Let new moms lead: Advice from a midwife

How friends and family should support a couple in the first several weeks after birth

My cousin had a baby 5 months ago. I went to the baby shower, gave her clothes & bath salts, and thought about how she didn’t know how much her reality would change.

When her daughter was born I didn’t see her for 2 months. While this experience is typical, it also felt wrong. Being a mom, I know those first 6 weeks are rough.

So, how do you support a new mom?

I recently sat down with the founder of Midwife Cafe and the Professional Postpartum Care Provider Organization, Jacky Bloemraad-de Boer. Sharing learnings from her 20+ years of experience in maternal health, Jacky explained how to support a new mom once the baby arrives.

Source: midwifecafe.com

What’s wrong with the status quo?

Western cultures generally take a biomedical view of birth. This means monitoring a new mother for things like bleeding and infection after the baby is born. Then she is sent home with almost no follow-up.

This model suggests that couples should be going it alone. It’s total misinformation,” Jacky explained.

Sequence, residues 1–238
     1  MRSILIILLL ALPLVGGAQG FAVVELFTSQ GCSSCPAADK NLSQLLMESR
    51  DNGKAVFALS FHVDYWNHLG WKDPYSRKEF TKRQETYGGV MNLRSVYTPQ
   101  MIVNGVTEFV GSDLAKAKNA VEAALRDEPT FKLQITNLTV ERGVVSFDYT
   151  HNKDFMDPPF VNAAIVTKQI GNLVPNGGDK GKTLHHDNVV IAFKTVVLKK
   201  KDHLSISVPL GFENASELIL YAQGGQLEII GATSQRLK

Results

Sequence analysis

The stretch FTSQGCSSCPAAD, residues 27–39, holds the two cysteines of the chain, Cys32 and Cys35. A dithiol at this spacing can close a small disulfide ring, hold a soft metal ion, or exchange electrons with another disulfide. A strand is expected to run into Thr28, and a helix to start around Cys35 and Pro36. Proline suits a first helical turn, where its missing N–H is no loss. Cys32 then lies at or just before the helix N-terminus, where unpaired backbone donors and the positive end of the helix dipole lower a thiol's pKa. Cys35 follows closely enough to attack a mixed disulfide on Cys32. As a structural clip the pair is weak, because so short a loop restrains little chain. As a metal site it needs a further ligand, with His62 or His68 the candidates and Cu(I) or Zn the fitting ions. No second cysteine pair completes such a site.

Being left to figure it out the first few weeks after birth isn’t just isolating. It overlooks the social and emotional aspects of this life change and it sets unrealistic pressure on a new mother and her partner.

So, how do you help?

  1. Let the new mom lead. Ask her to use her network and delegate household tasks, like cooking and laundry.

For example, consider encouraging her to set up a meal train. This is where friends and family sign-up to schedule dinner drop-offs or food delivery for the first several weeks.

“She’s not staying in the child role,” Jacky highlighted.

The point is to support her as she transitions to leading her family and to encourage her to seek emotional and physical support as a normal need. Pampering misses the point because it undermines her capabilities.

2. Embrace other experts. Set the example that not one person is supposed to know everything about caring for a baby.

For instance, if breastfeeding is difficult, reference a lactation consultant or a resource like the La Leche League.

3. Coach to build confidence. Every baby is unique. There is also more than one way to do most tasks; these are new skills to figure out.

Let a new mom find her style as she learns about her baby. Highlight what’s going well and avoid giving nitpicky feedback.

When the new mom feels more supported and empowered, she’ll be more confident and better able to care for herself and her baby.

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